Ukulele Nails

Ukulele nails – short on the fretting or chord making hand, and long (if possible) on your strumming or picking hand.

*unless you are Dolly Parton, or you are channelling Dolly, by coming in at the ‘Dolly Angle’ as seen below:

Dolly Parton's Nails Playing Guitar

Dolly Parton’s Nails Playing Guitar

2. Can I play with my thumb?

In practice, you can play with any digit you like. I prefer to play with my finger, as the nail hits on the on beat, with the flesh coming back up on the off beat. If you play with your thumb the reverse is true. That’s good if you’re looking to get a reggae or ska feel, or play gently for jazzy or gentle songs, but starting out it might be worth learning to play with your finger.

3. Can I play with a plectrum?

If you want to be really loud, and play lead lines and single notes, then yes, do play with a plectrum. I prefer not to, I prefer finger picking both for strumming and for lead melody playing but some lead players use a plectrum in order to get a louder sound when they are playing lead lines.

4. Can I use a felt pick?

Yes, but I think it’s better to learn to use your finger to strum, as there are many percussive strums and ukulele tricks you can employ later on which use a finger, some fingers, or finger and thumb combos.

5. Where (on the ukulele) do I strum?

It sounds nicest if you strum over the fretboard. The strings are closer to the fretboard than they are to the body, so you’re less likely to catch your finger when you’re strumming there, than if you were strumming lower down towards the soundhole. Also, you are less likely to damage the body of the ukulele as you won’t bash it if your finger lands in mid air, whereas you’ll end up with a hole if your nails bash the body. A musical and a practical reason to shift your finger along!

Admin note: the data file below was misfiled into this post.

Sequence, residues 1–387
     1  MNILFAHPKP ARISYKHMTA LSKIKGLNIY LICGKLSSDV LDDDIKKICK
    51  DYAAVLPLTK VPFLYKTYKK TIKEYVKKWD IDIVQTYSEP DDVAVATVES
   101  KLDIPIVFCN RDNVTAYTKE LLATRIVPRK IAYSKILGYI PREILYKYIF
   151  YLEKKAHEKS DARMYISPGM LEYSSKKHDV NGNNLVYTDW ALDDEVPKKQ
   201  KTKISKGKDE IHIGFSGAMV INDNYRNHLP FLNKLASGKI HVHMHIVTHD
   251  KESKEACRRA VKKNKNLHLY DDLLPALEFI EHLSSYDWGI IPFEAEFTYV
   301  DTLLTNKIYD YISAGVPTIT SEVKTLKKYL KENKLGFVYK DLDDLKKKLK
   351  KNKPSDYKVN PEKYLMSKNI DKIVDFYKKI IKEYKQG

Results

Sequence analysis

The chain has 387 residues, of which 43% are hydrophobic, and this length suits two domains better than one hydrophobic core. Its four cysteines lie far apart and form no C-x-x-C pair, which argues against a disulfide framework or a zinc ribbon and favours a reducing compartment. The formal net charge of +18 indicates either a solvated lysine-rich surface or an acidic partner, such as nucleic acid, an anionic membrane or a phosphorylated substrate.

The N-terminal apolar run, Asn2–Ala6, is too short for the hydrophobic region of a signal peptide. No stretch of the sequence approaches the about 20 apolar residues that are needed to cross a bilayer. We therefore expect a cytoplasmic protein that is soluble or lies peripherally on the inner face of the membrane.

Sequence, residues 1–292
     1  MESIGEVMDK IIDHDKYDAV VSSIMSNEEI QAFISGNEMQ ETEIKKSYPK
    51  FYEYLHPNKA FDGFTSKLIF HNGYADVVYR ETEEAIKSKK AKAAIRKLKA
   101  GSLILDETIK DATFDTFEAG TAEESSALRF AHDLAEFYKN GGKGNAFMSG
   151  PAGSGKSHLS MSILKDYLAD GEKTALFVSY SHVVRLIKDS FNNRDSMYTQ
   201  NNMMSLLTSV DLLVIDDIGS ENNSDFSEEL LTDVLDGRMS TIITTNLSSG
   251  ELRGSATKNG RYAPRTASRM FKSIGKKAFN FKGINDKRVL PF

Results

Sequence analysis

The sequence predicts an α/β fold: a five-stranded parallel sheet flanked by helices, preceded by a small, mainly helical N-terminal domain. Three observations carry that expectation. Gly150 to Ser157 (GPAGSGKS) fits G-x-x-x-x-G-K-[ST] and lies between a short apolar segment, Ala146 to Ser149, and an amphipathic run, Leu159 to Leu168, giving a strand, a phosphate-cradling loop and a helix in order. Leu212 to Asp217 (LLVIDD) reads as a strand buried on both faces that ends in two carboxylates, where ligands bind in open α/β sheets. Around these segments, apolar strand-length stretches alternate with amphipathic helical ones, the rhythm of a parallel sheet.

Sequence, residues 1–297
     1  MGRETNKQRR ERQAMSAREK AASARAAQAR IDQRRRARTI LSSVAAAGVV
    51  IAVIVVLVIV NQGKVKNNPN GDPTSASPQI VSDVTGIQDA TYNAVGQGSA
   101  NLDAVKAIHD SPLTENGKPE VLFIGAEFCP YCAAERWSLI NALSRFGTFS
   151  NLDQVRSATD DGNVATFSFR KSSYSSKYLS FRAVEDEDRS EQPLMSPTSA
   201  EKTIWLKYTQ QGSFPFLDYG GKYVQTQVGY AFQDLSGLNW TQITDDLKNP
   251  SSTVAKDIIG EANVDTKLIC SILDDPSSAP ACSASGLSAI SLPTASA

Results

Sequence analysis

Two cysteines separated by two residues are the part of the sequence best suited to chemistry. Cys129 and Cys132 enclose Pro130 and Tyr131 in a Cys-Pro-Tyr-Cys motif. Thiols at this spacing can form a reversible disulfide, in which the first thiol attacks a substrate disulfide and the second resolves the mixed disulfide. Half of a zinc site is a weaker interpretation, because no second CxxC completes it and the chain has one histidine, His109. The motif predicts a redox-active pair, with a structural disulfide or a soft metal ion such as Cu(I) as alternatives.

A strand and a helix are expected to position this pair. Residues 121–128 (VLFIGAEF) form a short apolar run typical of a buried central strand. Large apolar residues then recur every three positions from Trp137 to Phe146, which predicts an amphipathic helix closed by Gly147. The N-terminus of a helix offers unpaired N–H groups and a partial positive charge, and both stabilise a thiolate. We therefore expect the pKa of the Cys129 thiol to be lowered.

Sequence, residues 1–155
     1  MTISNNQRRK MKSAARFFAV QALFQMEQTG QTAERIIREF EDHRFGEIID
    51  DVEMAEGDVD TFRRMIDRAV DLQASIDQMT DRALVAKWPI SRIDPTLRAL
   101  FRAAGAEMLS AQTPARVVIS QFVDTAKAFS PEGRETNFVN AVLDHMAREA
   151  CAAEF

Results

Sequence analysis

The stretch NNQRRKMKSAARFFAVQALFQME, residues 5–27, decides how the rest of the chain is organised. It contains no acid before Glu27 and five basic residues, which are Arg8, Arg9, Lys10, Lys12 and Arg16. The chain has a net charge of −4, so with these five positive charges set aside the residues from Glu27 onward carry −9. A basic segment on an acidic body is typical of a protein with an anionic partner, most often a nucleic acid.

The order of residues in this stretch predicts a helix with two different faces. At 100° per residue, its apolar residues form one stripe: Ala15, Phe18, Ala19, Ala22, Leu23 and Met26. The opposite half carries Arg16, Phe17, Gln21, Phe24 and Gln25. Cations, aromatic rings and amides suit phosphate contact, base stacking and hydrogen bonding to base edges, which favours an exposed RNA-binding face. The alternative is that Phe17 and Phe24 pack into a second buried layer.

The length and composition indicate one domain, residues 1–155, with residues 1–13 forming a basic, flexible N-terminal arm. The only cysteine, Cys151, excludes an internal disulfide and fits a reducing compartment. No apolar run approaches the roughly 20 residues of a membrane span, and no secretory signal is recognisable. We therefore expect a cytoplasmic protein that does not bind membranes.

Want to see a video to help you along? Here you go!

How do I transpose a song?

And why would I want to transpose a song?

Transposition/transposing/changing the key of a song is handy if a song sits in a key that isn’t very friendly to your voice. So, if you are finding yourself either at the uppermost or the lowermost parts of your voice, like this you might find it useful and more pleasant on the ear to transpose the song. For example, Johnny Cash’s song, Hurt is in A minor (Am) which sounds amazing when it was sung by Johnny Cash and his beautifully strong low register. It’s a bit of a stretch for me to get those low notes, though, so I tried it in a few different keys to enable myself to sing all of the notes in the song. Have a listen to that here:


As you can probably hear, it’s a massive struggle in Am. It’s not much better when it’s been moved up a third to C#m or a 4th to Dm but at least the notes are achieved for the lyrics to ‘the only thing that’s real’.

If you’ve had the same trouble with any song at all, it’s well worth transposing it to suit your voice. If you print, cut out and put a pin fastener through this Key Transposing Wheel, with Instructions you’ll see that you can move a song to any key. Bear in mind that if the chord is a minor chord or a seventh chord in the original, it’ll need to stay as a minor or a seventh chord in the transposed song.

Thank you to Cathy’s Chords for the transposition wheel.